It may seem strange that English professors in search of inspiration would turn to evolutionary biology, but you should never underestimate the appeal of the worldview Darwin formulated. It has a way of capturing people's attention. While not everyone enjoys being reminded that humans descend from monkeys (or even worse, from prokaryotic bacteria), many of us like the subtle reassurance that Darwinism offers. Despite its theory that unceasing change is the essence of life, it can be perceived as a reassuring philosophy, one that believes there are answers. And a philosophy that implies "survival of the fittest" pays a great compliment to all of us who are here to read about it. So it is little surprise that evolutionary biology has come to be invoked not merely as a theory about changes in the physical makeups of living beings but also as an explanatory tool that appeals to both academics and to everyone's inner pop psychologist. (Jack Nicholson explaining his bad-boy behavior to an interviewer for The New York Times in 2002: "I have a sweet spot for what's attractive to me. It's not just psychological. It's also glandular and has to do with mindlessly continuing the species.")

Literary Darwinism - like many offshoots of Darwinism - tends to find favor with those looking for universal explanations. Like Freudianism and Marxism, it has large-scale ambitions: to explain not just the workings of a particular text or author but of texts and authors over time and across cultures as well. It may also allow English professors to grab back some of the influence - and money - that the sciences, in the Darwinian fight for university resources, have taken from the humanities for the past century. But for now, to march under the Literary Darwinist banner you had better be independent and unafraid. "The most effective and easiest form of repudiation is to ignore us," Carroll says.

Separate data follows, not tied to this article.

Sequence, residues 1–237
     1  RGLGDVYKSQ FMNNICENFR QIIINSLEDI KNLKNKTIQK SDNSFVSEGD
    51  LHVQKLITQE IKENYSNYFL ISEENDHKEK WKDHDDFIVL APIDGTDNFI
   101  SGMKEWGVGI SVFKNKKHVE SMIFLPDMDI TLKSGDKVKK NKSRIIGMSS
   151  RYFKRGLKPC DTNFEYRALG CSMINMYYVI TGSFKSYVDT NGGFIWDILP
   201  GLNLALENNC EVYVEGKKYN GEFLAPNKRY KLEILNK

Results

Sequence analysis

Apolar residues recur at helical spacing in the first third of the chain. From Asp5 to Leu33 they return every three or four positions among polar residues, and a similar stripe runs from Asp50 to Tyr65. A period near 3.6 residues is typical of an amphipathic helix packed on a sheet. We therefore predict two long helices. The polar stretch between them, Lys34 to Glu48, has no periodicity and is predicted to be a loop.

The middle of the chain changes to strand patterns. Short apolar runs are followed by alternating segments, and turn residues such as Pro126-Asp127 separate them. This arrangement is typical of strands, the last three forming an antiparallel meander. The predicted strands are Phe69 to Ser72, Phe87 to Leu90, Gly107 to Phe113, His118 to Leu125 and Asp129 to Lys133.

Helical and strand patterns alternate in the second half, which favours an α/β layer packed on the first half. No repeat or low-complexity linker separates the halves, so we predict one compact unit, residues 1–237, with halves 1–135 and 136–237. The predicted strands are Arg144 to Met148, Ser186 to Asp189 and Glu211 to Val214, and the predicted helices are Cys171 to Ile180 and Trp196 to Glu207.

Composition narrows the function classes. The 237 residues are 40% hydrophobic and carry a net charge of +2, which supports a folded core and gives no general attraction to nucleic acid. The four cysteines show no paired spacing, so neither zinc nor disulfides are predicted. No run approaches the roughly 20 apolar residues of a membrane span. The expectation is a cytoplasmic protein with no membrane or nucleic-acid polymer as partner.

Literary Darwinists give off a cultlike vibe. When they talk about like-minded academics who won't acknowledge their beliefs in public, they sometimes call them "closeted." The 56-year-old Carroll's own conversion to the discipline took place when, as a young, tenured but disgruntled professor of English at the University of Missouri at St. Louis in the early 90's, he picked up "The Origin of Species" and "The Descent of Man" and had an "intuitive conviction" that he had found the master keys to literature. Carroll had always liked big ideas; he'd had a "big Hegel phase" when he was 21. "The basic conception crystallized for me in a matter of weeks," he remembers, and the notes he began taking "at high intensity" formed themselves into the founding text in the field, "Evolution and Literary Theory," published in 1995.

Jonathan Gottschall, a 33-year-old editor of "The Literary Animal," began his graduate studies in English at the State University of New York at Binghamton in 1994 and was surprised at how little his professors cared about linking literature with "the big, Delphic project of seeking the nature of human nature. They didn't believe in knowledge. In fact they could only render the word in quotes." When he found a copy of the zoologist Desmond Morris's 1967 book, "The Naked Ape," in a used bookstore, Morris's observations on the overlap between primate and human behavior spoke to him. (Animals often play a role in these conversion narratives: Ellen Dissanayake, the author of "What Is Art For?" and a biopoeticist at the University of Washington, was primed for her conversion in part by watching the behavior of wild animals - her husband at the time was a director at the National Zoo in Washington - and comparing them to her young children.)

Soon after reading "The Naked Ape," Gottschall reread the "Iliad," one of his favorite books: "As always," he writes in the introduction to "The Literary Animal," "Homer made my bones flex and ache under the weight of all the terror and beauty of the human condition. But this time around I also experienced the 'Iliad' as a drama of naked apes - strutting, preening, fighting, tattooing their chests and bellowing their power in fierce competition for social dominance, desirable mates and material resources." He brought his ideas to class. "When I would say things like 'sociobiology' and 'evolutionary biology' in class," Gottschall remembers, "my classmates would hear things like 'eugenics' and 'Hitler.' It was a measure of how toxic the material was."